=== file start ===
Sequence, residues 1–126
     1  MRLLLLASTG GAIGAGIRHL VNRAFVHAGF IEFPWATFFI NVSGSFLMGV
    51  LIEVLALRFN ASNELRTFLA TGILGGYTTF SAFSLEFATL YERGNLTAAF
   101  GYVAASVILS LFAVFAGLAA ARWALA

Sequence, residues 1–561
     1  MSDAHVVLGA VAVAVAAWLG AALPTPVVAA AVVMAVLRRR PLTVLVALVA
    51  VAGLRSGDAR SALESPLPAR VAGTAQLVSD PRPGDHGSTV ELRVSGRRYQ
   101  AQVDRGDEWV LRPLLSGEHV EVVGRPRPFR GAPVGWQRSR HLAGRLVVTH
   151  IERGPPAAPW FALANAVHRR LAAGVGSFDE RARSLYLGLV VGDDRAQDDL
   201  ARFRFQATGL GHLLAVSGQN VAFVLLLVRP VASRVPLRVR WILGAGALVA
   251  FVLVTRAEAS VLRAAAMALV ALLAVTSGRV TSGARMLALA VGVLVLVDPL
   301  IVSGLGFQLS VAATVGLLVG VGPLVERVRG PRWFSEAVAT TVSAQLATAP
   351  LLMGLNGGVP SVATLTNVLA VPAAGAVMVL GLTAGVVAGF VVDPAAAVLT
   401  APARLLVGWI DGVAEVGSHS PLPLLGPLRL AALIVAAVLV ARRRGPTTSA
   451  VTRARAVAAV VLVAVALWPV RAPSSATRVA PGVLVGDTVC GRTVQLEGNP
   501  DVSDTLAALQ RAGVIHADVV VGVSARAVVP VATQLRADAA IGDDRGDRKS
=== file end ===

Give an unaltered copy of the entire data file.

Sequence, residues 1–126
     1  MRLLLLASTG GAIGAGIRHL VNRAFVHAGF IEFPWATFFI NVSGSFLMGV
    51  LIEVLALRFN ASNELRTFLA TGILGGYTTF SAFSLEFATL YERGNLTAAF
   101  GYVAASVILS LFAVFAGLAA ARWALA

Sequence, residues 1–561
     1  MSDAHVVLGA VAVAVAAWLG AALPTPVVAA AVVMAVLRRR PLTVLVALVA
    51  VAGLRSGDAR SALESPLPAR VAGTAQLVSD PRPGDHGSTV ELRVSGRRYQ
   101  AQVDRGDEWV LRPLLSGEHV EVVGRPRPFR GAPVGWQRSR HLAGRLVVTH
   151  IERGPPAAPW FALANAVHRR LAAGVGSFDE RARSLYLGLV VGDDRAQDDL
   201  ARFRFQATGL GHLLAVSGQN VAFVLLLVRP VASRVPLRVR WILGAGALVA
   251  FVLVTRAEAS VLRAAAMALV ALLAVTSGRV TSGARMLALA VGVLVLVDPL
   301  IVSGLGFQLS VAATVGLLVG VGPLVERVRG PRWFSEAVAT TVSAQLATAP
   351  LLMGLNGGVP SVATLTNVLA VPAAGAVMVL GLTAGVVAGF VVDPAAAVLT
   401  APARLLVGWI DGVAEVGSHS PLPLLGPLRL AALIVAAVLV ARRRGPTTSA
   451  VTRARAVAAV VLVAVALWPV RAPSSATRVA PGVLVGDTVC GRTVQLEGNP
   501  DVSDTLAALQ RAGVIHADVV VGVSARAVVP VATQLRADAA IGDDRGDRKS